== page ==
Anne Elizabeth Sumner, M.D.
Section on Ethnicity and Health, Diabetes, Endocrinology, and Obesity Branch
Building 10, Room 6-5950
10 Center Drive
Bethesda, MD 20814
The purpose of our research is to design screening tests and early interventions to decrease the impact of the diabetes and heart disease epidemic that is now occurring in African descent populations worldwide.
Diabetes and heart disease are reaching epidemic proportions in people of African descent. To reverse this trend and improve longevity and quality of life, clarity on the causes of cardiometabolic disease in people of African descent and improved screening is necessary. Diabetes and heart disease result from the combined effects of insulin resistance and hyperinsulinemia. The earliest etiological and epidemiological studies were done in populations of white European descent such as Framingham, the Nurse’s Health Study and the Physician’s Health Study. This initial work demonstrated that insulin resistance and the associated hypertriglyceridemia were the major and earliest causes of cardiometabolic disease. This research subsequently informed the development of screening tests for diabetes and heart disease. Hence, the majority of screening tests for diabetes and heart disease focus on triglyceride (TG) levels and insulin resistance. These TG-based screening tests depend on the principle that elevated TG levels are an excellent marker of insulin resistance and should trigger intervention to prevent diabetes and heart disease. TG-based screening tests include the Metabolic Syndrome, the TG/HDL-Ratio, and the Hypertriglyceridemic Waist.
In the first phase of our research, we determined that TG-based screening tests failed to detect early cardiometabolic disease in African-Americans and African immigrants to the United States. The major reason for this failure is that in African descent populations, insulin resistance does not trigger hypertriglyceridemia. Thus, TG levels are not a key marker of risk. These TG-based screening tests often diagnose people of African descent as normal at a time when intervention could have delayed or prevented disease. Hence, TG-based screening tests represent a lost opportunity for early intervention and contribute to health disparities. Once we made the observation that TG-based screening tests were not optimally beneficial in African descent populations, we used metabolic testing and mathematical modeling to identify the etiology. Factors that have been uncovered so far include the following findings: African-Americans have high levels of the enzyme lipoprotein lipase, great sensitivity to insulin-induced free fatty acid suppression, and low levels of apoC-III and visceral adipose tissue. We are also exploring whether hyperinsulinemia has a greater impact than insulin resistance on the development of cardiometabolic disease and obesity in African descent populations.
Overall, diabetes and heart disease are the result of both insulin resistance and hyperinsulinemia. But the earliest manifestations may differ by race. In white populations, insulin resistance and hypertriglyceridemia dominate early. Our research suggests that in African descent populations, hyperinsulinemia may be the initial sign. Elucidating differences in early disease development will lead to the development of better screening tests for everyone. As we work on identifying the best screening tests for cardiometabolic disease in African descent populations, we are also testing the efficacy of hemoglobin A1C as a screening test for diabetes.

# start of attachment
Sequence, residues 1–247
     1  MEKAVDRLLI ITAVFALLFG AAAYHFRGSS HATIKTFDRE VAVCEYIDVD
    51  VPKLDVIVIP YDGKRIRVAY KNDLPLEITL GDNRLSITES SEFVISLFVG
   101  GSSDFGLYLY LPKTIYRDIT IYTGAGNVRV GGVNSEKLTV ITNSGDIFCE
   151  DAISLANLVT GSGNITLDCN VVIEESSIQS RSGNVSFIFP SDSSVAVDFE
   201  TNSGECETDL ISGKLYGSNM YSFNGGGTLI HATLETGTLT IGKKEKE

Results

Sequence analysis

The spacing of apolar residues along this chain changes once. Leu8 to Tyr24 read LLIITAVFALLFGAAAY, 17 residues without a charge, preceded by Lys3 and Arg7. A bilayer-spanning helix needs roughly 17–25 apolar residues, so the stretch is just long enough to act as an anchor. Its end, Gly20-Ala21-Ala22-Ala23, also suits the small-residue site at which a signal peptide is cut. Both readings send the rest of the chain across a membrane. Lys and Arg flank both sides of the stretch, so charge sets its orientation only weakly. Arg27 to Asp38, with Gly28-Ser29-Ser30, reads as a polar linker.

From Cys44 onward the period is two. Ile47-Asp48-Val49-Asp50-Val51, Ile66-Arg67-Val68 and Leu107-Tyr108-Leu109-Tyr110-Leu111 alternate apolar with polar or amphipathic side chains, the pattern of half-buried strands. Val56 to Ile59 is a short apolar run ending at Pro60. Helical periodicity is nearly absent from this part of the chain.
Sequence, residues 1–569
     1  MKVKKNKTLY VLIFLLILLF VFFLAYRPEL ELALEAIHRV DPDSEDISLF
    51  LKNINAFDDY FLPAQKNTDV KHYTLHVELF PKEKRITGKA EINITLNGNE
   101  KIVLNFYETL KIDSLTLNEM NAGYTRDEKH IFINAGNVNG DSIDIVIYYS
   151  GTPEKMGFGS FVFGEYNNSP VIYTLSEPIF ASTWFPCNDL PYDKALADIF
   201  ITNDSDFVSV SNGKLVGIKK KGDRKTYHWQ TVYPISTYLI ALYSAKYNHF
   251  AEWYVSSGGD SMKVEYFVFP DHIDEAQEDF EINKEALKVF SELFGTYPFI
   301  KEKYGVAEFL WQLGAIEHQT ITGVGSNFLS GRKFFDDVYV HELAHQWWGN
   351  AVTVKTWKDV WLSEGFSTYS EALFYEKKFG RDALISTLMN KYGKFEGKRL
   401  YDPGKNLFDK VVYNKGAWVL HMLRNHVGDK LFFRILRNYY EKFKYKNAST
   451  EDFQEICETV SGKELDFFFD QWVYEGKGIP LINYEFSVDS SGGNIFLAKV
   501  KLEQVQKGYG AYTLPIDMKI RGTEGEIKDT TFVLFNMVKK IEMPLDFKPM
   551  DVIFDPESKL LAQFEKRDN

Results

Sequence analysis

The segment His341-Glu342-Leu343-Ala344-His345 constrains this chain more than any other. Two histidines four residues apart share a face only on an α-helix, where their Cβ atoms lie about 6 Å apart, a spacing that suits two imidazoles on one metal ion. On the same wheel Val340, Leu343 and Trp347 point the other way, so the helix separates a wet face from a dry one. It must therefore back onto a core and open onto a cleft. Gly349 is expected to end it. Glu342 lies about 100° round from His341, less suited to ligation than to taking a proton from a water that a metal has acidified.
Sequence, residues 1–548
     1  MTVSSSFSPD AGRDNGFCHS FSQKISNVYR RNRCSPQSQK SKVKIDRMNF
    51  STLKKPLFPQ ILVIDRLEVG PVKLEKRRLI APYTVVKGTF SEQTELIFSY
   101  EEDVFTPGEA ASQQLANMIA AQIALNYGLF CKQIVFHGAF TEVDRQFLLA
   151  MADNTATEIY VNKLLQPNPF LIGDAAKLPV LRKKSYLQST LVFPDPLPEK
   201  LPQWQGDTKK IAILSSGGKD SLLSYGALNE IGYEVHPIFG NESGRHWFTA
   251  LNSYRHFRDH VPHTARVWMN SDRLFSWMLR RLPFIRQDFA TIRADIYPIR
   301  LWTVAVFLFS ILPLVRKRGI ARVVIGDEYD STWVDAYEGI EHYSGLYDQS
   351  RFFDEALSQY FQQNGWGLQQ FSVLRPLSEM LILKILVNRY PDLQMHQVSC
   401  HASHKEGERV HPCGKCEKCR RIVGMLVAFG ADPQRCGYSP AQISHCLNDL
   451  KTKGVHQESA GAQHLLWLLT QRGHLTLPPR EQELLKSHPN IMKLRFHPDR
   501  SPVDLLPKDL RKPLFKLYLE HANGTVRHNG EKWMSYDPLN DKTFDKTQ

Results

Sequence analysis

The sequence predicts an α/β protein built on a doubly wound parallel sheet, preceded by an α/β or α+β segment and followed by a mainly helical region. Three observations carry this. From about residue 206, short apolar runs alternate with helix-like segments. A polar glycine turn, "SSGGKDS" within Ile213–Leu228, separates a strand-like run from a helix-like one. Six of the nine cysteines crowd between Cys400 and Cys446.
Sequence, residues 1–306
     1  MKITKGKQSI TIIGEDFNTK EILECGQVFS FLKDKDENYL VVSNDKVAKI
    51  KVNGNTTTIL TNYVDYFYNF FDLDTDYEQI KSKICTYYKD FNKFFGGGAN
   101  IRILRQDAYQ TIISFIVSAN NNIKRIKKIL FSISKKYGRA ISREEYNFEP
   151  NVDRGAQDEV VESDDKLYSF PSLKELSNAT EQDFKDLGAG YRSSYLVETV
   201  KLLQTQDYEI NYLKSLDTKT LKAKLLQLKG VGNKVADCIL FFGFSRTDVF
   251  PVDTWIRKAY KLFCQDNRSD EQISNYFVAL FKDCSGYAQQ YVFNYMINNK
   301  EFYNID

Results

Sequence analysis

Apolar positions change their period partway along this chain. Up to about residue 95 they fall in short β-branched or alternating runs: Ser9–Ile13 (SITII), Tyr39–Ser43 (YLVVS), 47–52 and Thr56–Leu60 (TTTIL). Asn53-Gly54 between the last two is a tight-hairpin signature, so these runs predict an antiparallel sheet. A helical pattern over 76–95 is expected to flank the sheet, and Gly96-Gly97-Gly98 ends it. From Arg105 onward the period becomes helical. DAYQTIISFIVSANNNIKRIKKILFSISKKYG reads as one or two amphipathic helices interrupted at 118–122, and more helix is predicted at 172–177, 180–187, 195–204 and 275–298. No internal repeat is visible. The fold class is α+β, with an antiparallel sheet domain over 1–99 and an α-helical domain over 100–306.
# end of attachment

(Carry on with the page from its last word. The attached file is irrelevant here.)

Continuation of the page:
Applying our Research
My research will improve cardiometabolic health through better screening and early intervention.
Need for Further Study
We need to explore and identify universal screening tests for diabetes and heart disease.
- Endocrine, Diabetes and Metabolism Fellowship, Medical College of Pennsylvania, 1988-1990
- Nutrition Fellowship, Hospital of the University of Pennsylvania, 1987-1988
- Internal Medicine Residency, Reading Hospital and Medical Center, 1983-1986
- M.D., University of Pennsylvania School of Medicine, 1982
- B.A., Brown University, 1976
Polidori DC, Bergman RN, Chung ST, Sumner AE. Hepatic and Extrahepatic Insulin Clearance Are Differentially Regulated: Results From a Novel Model-Based Analysis of Intravenous Glucose Tolerance Data. Diabetes. 2016;65(6):1556-64.
Utumatwishima JN, Baker RL Jr, Bingham BA, Chung ST, Berrigan D, Sumner AE. Stress Measured by Allostatic Load Score Varies by Reason for Immigration: The Africans in America Study. J Racial Ethn Health Disparities. 2017.
Lacy ME, Wellenius GA, Sumner AE, Correa A, Carnethon MR, Liem RI, Wilson JG, Sacks DB, Jacobs DR Jr, Carson AP, Luo X, Gjelsvik A, Reiner AP, Naik RP, Liu S, Musani SK, Eaton CB, Wu WC. Association of Sickle Cell Trait With Hemoglobin A1c in African Americans. JAMA. 2017;317(5):507-515.
Sumner AE, Duong MT, Aldana PC, Ricks M, Tulloch-Reid MK, Lozier JN, Chung ST, Sacks DB. A1C Combined With Glycated Albumin Improves Detection of Prediabetes in Africans: The Africans in America Study. Diabetes Care. 2016;39(2):271-7.
Chung ST, Sumner AE. Diabetes: T2DM risk prediction in populations of African descent. Nat Rev Endocrinol. 2016;12(3):131-2.
Related Scientific Focus Areas
Social and Behavioral Sciences
This page was last updated on February 7th, 2017